GARDEN ROUTE DISTRICT NEWS - Western Cape premier Alan Winde has welcomed the new risk-aligned strategy to the lockdown that was announced by Pres Cyril Ramaphosa.
In a statement this morning he says it will see the country move to slightly more relaxed restrictions on 1 May.
"We welcome this approach, which balances the need to remain cautious to prevent new infections, with the need to re-open the economy so that people can start to return to work."
"We await further details from the national government on the details of the restrictions that will be enforced per level. As we have seen during the present lockdown, clear directives are critical to ensure public and business compliance," he said.
Working out the details
Though the details are not clear yet, it appears that level four continues to restrict some services which have been lobbied to be considered as essential. "An example of this is the sale of books and stationery, which are not clearly defined for sale under this stage of lockdown.
If schools are not yet allowed to reopen, stationery and books are essential tools which will help parents ensure that their children are able to continue to learn and read during this period.
He welcomed the President’s call for submissions on the proposed levels before they are finalised and said they will certainly embrace this opportunity.
"In this respect, we will be working urgently with various businesses and industries, as well as our own workstreams, to seek their input on the proposed levels, prior to submitting a consolidated submission to the Presidency and Cogta.
"For our part, we will work with the national government to ensure that once implemented, the new approach is effective in stopping the spread while still allowing for necessary economic activity to resume."
Call to stick to lockdown rules
Winde warned against the temptation to see these relaxed regulations as a lifting of the lockdown. "We call on all residents to continue to abide by the rules, which are in place to ensure that we are able to limit the spread. The new regulations place additional responsibility on our citizens to stop the spread."
The country will only be able to move down in levels, towards the new normal, when and where data shows that the number of new infections have stabilised.
Screening and testing
It is crucial to implement a rigorous screening and testing regime across South Africa, as the new phased lockdown approach is based on this data. “In the Western Cape, we have done so. We therefore expect the number of laboratory-confirmed Covid-19 cases to climb in our province,” he said.
“Since the start of April, our community screening teams have reached over 150 000 people in communities across the province."
Over the past week, nearly 9 000 tests have been conducted in the province as part of the active case finding approach to make sure that every person who might have been infected with Covid-19 is identified as quickly as possible.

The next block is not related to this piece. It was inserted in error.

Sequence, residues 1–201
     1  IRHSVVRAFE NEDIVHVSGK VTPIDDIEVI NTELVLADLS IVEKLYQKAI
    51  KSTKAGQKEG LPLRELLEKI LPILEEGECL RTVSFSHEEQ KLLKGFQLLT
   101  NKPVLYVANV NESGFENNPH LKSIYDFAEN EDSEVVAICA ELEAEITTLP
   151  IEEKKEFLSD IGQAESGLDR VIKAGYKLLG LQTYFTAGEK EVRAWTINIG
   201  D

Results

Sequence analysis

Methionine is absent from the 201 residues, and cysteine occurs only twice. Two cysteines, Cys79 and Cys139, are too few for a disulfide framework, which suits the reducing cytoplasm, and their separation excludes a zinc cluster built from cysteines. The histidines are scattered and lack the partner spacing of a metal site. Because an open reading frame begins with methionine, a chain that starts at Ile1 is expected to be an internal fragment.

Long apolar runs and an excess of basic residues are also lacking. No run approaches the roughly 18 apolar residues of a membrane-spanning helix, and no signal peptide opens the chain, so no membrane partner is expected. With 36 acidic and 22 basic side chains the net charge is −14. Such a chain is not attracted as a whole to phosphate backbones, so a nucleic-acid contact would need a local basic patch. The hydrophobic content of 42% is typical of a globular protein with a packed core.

"We have embraced testing because if we know someone is Covid-19 positive, we can ensure that they isolate, and we can stop the spread the virus to others.
"We can also follow up with their contacts immediately and start the process all over again. It also means that we can care for those who might be very sick because of the virus."
Pockets of infections
"Our screening and testing teams are deployed based on data which actively identifies and follows the “bush fires” – the pockets of infections within communities. We identify these pockets whenever we confirm a Covid-19 case, and our rigorous contact-tracing teams track their previous movements and contacts. Many of these referred tests were reported in the last 24 hours, bringing up our total of new infections considerably."
Winde reassured residents the rapid increase in the number of new laboratory-confirmed Covid-19 in the Western Cape, is a natural result of the more rigorous testing approach. Rigorous screening and testing is part of the strategy, as it is the best way to contain the virus and to flatten the curve.
He called on every single member of the community to play their part, as this is how we can prevent our health system from being overwhelmed, thus saving many lives.
“We are going to face a very challenging time in the weeks and months to come. The lockdown has helped, but it has not stopped the virus. The peak is still to come, and many people will be infected by Covid-19."
We can stop the spread
"We have to do this by continuing with what we have learnt already: we must always follow good hygiene practices and wear a cloth mask when in public at all times. We must stay home and keep a distance from others. If we are sick, we must not leave our house: and first call our hotline to find out what to do next.
"We must work harder now than ever before. I know we can stop the spread, if we all work together in this way.”
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